Integrated Regulation Projects
AODA Compliance Planning, Ontario Library Service (OLS) – North
AccessAbility Advantage was hired by Ontario Library Service – North, to evaluate the small agency, based in Sudbury, for compliance with the AODA. The focus of the evaluation was compliance with the Integrated Accessibility Standard Regulation. As part of the project, A+ provided in-person Accessible Customer Service training, audited the agency office for physical accessibility and the website for digital accessibility, interviewed staff, evaluated policy and procedure documentation, and provided a report of recommendations to comply with the AODA. The compliance report detailed the AODA standards requirements as they apply to OLS-North and a compliance plan.
In addition, AccessAbility Advantage was hired to develop communications to describe AODA responsibilities of public libraries in Ontario, develop tools to identify gaps, develop a recommended action plan and sample documents to support compliance, and provide training through in-person train-the-trainer and webinars. These tools are in the final stages of development and the train-the-trainer program is complete for both the North and South Ontario Library Services.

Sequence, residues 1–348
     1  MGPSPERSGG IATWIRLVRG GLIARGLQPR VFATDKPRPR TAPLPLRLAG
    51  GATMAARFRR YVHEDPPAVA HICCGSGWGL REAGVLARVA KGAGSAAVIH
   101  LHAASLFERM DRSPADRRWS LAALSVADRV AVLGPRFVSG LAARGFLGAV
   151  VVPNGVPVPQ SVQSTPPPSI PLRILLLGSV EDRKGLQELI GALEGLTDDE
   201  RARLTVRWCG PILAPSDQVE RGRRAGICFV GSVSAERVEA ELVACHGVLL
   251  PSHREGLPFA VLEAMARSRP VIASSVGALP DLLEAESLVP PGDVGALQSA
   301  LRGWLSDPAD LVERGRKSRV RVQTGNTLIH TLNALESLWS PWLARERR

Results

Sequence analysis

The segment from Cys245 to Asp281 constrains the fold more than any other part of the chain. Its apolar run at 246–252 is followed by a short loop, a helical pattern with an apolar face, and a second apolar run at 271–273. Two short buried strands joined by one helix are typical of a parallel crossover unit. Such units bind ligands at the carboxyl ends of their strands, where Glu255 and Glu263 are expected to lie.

Website Accessibility Audits
AccessAbility Advantage has audited website accessibility for organizations such as Rexdale Community Health Centre, the Town of East Gwillimbury, MediResource and Student Vote.
Emergency Preparedness for People with Disabilities, YMCA
AccessAbility Advantage is supporting YMCA in complying with the AODA Emergency preparedness requirements for January 1, 2012. We are providing YMCA with an accessibility checklist for facility General Managers to use in reviewing their generic emergency plans in the context of people with disabilities. In addition, we are supporting their team with the development of individualized workplace emergency response plan for employees with disabilities.
Increasing Employment in the Grocery Industry for People with Disabilities, Canadian Food Industry Council (CFIC)
March of Dimes, in partnership with the CFIC, applied for and received short-term funding from the Ministry of Community and Social Services (MCSS) to successfully increase employment for people with disabilities within Ontario’s retail grocery sector. The partners conducted a far-reaching needs analysis with employers, developed training material to improve candidates’ skills specific to the industry, coached the grocery industry on how to meet MCSS contract requirements, and fostered relationships with corporate decision-makers and grocery store managers to facilitate staff placement and retention.